So the homie @RealGoesRight gave me this topic to write about. We were discussing how The Last Of Us and The Walking Dead were both essentially centered around a father/daughter type of relationship. I initially wanted to compare those relationships, being that neither of these men were actually the parent of the daughter figure in their respective games. Then I thought of Heavy Rain and the relationship between Ethan and Jason. And I decided to take another route. So today I would like to touch on how playing these games made me feel as a parent. And my partners and I would love to hear about your experiences with these games as well. I’m curious as to whether or not one’s experience was changed by being or not being a parent. Let’s start with Heavy Rain.
I’ll Press X For Jason Forever
For those who haven’t played Heavy Rain, the game is centered around Ethan. His son was killed early in the game in a car accident, and his other son Jason gets kidnapped. You have to complete 5 trials to get the information of his whereabouts. Each trial will test just how far you are willing to go for your son. I don’t want to describe them just in case some of you plan to play it down the road. But they are definitely a lot to handle. The thing about Heavy Rain is I really do believe that whether or not you have kids will directly affect how you play. I saw this first hand in my household. While I was busy jumping through every hoop to save Jason, my close friend was playing in a much more carefree manner. He was making choices based on how they affected HIM. He didn’t want to do things that could hurt Ethan. Conversely, I didn’t want to do anything that could hurt Jason. I could care less about Ethan. So I ran headfirst into every challenge and completed 4 out of 5. The one I chose not to do involved murder. And believe me it took a LONG time to decide not to kill that man to save my “son.” I just gambled on 4 outta 5 being sufficient and won. Meanwhile, my friend only completed 2 of the trials. And one was the murder, for shame. Anyway, the next 2 games are a little different since the relationships aren’t biological.
My Darling Clementine
The Walking Dead casts you as Lee, a good guy in a bad situation. Early in the game you meet Clementine, a young orphan girl who doesn’t know she’s an orphan yet. You can’t very well tell her the truth in these dire circumstances, so you offer to help her “find her parents.” What follows is an expertly written tale about how life would be during the zombie apocalypse. This game differs from the other two in one important way. Your words and actions directly affect Clementine. As such, the game forces you to think like a parent, even though your character isn’t one at all. It’s pretty cool, and in my case it definitely made me play a certain way. Clementine’s wants and needs came first before the rest of the crew, even in situations where I personally felt it wasn’t the right play. And the few times I went against her wishes, the goodwill I built up throughout the game earned me the benefit of the doubt. It’s a testament to Telltale Games writing ability that I could care for Clementine so much even though Lee had no ties to her. I didn’t need him to really be her parent to treat the relationship as if he was. Again, I’m not sure if I would feel the same sans children. And that’s the interesting part to me.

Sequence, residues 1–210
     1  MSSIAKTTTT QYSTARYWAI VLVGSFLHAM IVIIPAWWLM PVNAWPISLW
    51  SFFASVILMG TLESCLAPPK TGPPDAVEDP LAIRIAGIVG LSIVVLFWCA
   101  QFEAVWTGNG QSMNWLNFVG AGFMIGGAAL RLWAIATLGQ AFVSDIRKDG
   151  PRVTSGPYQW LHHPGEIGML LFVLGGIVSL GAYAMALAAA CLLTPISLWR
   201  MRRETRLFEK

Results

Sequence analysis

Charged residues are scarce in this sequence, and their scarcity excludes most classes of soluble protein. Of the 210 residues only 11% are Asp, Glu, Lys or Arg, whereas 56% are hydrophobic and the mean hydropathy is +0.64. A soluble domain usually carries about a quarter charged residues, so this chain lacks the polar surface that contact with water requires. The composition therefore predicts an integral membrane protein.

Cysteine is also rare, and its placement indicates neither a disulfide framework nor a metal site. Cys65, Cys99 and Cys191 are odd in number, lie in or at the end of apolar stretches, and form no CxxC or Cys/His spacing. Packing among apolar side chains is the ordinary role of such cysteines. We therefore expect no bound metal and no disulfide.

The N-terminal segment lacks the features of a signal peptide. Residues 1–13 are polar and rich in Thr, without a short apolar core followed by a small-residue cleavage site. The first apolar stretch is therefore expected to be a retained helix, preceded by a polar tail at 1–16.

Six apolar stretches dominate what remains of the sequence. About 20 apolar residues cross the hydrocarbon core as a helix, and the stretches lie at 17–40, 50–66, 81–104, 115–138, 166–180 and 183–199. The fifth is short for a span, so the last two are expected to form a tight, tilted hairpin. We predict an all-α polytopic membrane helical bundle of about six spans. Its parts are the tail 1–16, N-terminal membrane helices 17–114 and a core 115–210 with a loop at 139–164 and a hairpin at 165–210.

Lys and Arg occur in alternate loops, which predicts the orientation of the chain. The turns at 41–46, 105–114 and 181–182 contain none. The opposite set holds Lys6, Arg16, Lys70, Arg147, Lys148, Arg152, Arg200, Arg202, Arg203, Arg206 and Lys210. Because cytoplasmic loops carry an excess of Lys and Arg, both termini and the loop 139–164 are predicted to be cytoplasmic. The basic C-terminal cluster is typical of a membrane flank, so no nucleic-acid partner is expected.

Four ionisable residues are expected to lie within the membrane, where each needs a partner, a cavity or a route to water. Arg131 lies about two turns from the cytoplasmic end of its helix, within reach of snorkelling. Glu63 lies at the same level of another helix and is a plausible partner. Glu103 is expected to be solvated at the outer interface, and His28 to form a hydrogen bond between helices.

The Daughter I Never Wanted
The Last Of Us is a unique situation. It stars Joel, who was a father but watched his daughter die in his arms after a failed city escape. 20 years later, he is forced into a situation where he has to transport a young girl named Ellie across the country. In comparison, Ethan had to save his child and Lee had to protect someone else’s. Joel not only had to protect Ellie, but he had to deal with the loss of his own daughter. The relationship started off horribly, with Joel treating Ellie like an unwanted burden for almost half of the game. But along the way, Joel starts to truly care for Ellie as his own. And by the finale, he is literally ready to do anything to save her life. This game was hard for me to play admittedly as a parent. First of all, I don’t ever want to be forced to imagine living without my kids. Second, I don’t want to imagine being forced to take care of someone else’s kids. Third, watching a kid get treated the way Ellie did by an adult sucked. I totally understood, but it still sucked. I wanted Joel to like Ellie so desperately, and when he finally warmed up to her I felt like I made that happen. By the end when he was hell bent on doing anything for her, I was wondering why he didn’t feel like that sooner as someone who previously had a child.
All Grown Up
We’re all excited for the future of gaming. That’s why we’re here. But as a mature gamer and parent, I have admittedly thought of my family more when it comes to gaming. Don’t get it twisted, I still have plenty of games that I enjoy alone. But playing with my kids is a factor. And playing games that speak to my life is also a factor. These 3 games allowed me to think about how I would handle certain situations that placed my children, or any children, in danger. In all 3 cases I had the option to not care very much. To half-ass things and hope for the best. But I didn’t. And that’s not because I’m a completionist (made up word alert) or a trophy whore. It’s because I care. I’m not trying to make it seem like everyone should feel how I feel, or play how I play. That’s the beauty of these games. They allow you to silently express yourself and see the results of your thinking. I hope and pray that the next gen continues to deliver these types of experiences. Not just involving parental themes, but all types of themes that are under represented in gaming. I’ll see you next time. Happy gaming!